support of military issues. The transfer of SCI from one agency to another, either verbally or by
documentation, can only be accomplished through proper security channels. If ever in doubt as to
the proper security procedures, contact your local Special Security Office for advice.
DoDM 5105.21-V3, October 19, 2012
1. Foreign contact questionnaires shall contain, at a minimum:
a. Information regarding the foreign contact, such as:
(1) Contact’s name, citizenship, and profession/affiliation
(2) Date and place of occurrence of contact.
b. Contact details, such as:
(1) Manner in which the individual initiated contact (e.g. casual contact at foreign
(2) Sex and ethnicity of the individual.
(3) Did the individual seem to control the direction of the conversation?
(4) Did the individual ask where you work or what kind of work you do?
(5) Did you discuss your involvement in government-related activities?
(6) Did the individual ask about your political affiliations?
(7) Did the individual offer to pay for anything or make any special arrangement on your
(8) Have you received any gifts from the individual?
(9) Did you exchange contact information with the individual?
(10) Did the individual express interest in any further contact?
c. A physical description of the individual.
d. A list of topics in which the individual expressed an interest which you believe are
classified, sensitive, or proprietary.
2. Once filled out, the contact questionnaire shall be retained by the cognizant security official
for additional action as necessary.
DoDM 5105.21-V3, October 19, 2012
1. Prior to proceeding on either official or unofficial travel outside of the United States, travelers
shall complete a foreign travel questionnaire to be returned to the cognizant security official as
soon as possible prior to the proceed date. This questionnaire shall elicit, at a minimum:
a. The name, date of birth, place of birth, and SSAN of the traveler.
b. The traveler’s job title.
c. The full itinerary for the trip, including flight numbers and arrival/departure times.
d. The purpose of the travel (i.e., business or recreation). If travel is related to official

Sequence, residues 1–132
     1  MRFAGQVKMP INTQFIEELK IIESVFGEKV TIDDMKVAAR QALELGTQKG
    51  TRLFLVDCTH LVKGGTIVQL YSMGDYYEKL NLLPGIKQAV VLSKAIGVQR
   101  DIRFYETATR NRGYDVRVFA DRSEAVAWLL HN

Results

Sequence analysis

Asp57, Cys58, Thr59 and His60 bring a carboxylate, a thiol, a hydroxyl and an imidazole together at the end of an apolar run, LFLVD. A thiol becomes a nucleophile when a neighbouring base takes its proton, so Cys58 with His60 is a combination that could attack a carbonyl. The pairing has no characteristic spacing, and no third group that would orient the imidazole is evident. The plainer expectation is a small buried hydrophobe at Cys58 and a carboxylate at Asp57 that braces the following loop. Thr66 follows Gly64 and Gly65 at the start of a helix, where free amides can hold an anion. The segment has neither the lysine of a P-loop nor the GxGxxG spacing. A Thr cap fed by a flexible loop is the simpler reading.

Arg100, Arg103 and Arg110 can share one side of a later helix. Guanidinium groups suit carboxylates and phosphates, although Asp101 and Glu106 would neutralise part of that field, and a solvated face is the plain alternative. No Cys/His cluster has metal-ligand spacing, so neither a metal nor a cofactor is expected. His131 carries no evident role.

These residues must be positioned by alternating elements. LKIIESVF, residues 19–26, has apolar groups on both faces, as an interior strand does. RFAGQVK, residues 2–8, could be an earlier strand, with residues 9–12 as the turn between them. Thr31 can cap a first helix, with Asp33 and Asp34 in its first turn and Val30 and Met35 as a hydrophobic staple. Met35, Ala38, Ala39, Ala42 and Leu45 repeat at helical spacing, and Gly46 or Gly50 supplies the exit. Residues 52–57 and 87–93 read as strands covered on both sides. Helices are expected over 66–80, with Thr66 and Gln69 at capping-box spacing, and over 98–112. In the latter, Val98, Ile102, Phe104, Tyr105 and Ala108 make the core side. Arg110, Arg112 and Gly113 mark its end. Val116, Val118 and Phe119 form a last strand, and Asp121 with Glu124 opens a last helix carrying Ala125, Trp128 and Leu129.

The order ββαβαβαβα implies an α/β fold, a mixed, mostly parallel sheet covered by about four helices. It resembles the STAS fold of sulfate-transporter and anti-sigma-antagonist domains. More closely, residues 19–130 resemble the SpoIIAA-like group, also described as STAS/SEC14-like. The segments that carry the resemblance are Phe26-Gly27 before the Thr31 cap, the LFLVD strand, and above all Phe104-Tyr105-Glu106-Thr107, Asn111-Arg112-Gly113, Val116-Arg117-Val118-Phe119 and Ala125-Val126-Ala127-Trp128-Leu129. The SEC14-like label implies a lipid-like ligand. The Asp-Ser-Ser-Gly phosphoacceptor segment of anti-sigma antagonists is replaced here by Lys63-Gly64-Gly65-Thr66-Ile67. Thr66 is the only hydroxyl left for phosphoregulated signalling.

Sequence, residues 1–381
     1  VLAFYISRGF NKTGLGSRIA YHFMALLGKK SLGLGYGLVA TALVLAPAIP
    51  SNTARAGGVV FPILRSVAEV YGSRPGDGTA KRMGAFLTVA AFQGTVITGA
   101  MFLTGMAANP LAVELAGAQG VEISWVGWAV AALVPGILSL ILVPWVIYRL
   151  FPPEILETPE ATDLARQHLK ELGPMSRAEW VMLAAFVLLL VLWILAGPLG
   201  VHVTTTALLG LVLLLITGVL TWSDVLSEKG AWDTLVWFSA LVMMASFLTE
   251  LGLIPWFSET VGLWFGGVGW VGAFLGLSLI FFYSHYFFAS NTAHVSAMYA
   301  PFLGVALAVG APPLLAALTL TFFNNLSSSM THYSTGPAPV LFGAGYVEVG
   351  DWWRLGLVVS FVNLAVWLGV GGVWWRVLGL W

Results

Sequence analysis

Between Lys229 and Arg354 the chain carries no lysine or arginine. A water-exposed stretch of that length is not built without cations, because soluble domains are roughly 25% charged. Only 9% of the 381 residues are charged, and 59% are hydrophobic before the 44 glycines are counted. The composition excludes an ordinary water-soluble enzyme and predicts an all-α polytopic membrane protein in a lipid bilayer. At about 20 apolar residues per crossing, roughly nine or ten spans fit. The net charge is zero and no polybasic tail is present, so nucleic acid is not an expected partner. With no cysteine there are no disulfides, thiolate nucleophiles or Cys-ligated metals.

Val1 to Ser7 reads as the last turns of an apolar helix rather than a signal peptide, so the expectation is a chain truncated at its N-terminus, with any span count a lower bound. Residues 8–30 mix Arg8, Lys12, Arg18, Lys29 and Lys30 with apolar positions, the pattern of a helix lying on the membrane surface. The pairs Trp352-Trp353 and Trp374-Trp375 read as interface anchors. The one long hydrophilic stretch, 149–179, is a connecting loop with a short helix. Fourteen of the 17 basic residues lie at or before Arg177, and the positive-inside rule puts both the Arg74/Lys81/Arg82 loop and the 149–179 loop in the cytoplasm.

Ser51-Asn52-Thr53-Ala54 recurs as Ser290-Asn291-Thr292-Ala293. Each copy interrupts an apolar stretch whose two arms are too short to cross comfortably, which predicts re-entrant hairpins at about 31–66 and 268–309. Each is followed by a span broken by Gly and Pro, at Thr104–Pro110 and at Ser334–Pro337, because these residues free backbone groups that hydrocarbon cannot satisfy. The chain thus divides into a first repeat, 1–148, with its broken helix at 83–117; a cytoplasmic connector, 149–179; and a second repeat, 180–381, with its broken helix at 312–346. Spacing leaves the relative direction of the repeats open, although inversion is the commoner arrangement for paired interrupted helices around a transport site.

government business, traveler should list the point of contact he/she is to meet with and the
purpose of the meeting.
e. The country (or countries) to be visited and the dates of travel.
f. The passport type (i.e., tourist, official, diplomatic), the passport number, and expiration
2. Upon return from travel, the traveler shall complete a secondary questionnaire that shall elicit,
at a minimum:
a. Were any problems encountered at the time of arrival or departure from the foreign
country (or countries)?
b. Was the traveler subjected to any harassment, suspected surveillance, unusual customs
inspection, etc., during the trip?
c. Were any travel restrictions imposed by the country (or countries) during the visit?
d. Were any changes made to the itinerary while on route?
e. Were any probing inquiries made relative to the traveler’s job duties, studies, or
organization (if yes, traveler must complete a foreign contact questionnaire as described in
Appendix 10 to Enclosure 2 of this Volume)?
f. Did traveler meet a foreign national who requested future contact (if yes, traveler must
complete a foreign contact questionnaire as described in Appendix 3 to Enclosure 2 of this
g. Was the traveler a victim of a criminal act?
DoDM 5105.21-V3, October 19, 2012
h. Was the traveler detained or arrested?
i. Did the traveler lose any official materials or personal luggage?
DoDM 5105.21-V3, October 19, 2012
1. INTRODUCTION. Persons granted access to SCI incur special security obligations and should
be aware of possible risks inherent to foreign travel. Persons planning foreign travel should
contact their SSO to determine their organization’s foreign travel and foreign contact policy. The
following information is a general purpose travel briefing. Detailed briefings may be obtained
from the nearest military intelligence or counterintelligence representative.
2. PURPOSE. U.S. military, Government, civilian and defense contractor personnel are
considered prime targets of Foreign Intelligence Services and terrorist groups. The purpose of this
briefing is to acquaint the traveler with the risks involved in traveling to foreign countries and to
furnish you guidance that may enable you to minimize those risks.
3. BACKGROUND. Many foreign countries offer interesting travel brochures, special rates, and
other inducements through U.S. branches of their travel bureaus in efforts to attract the growing
number of Americans traveling abroad. Past cases reveal that American personnel performing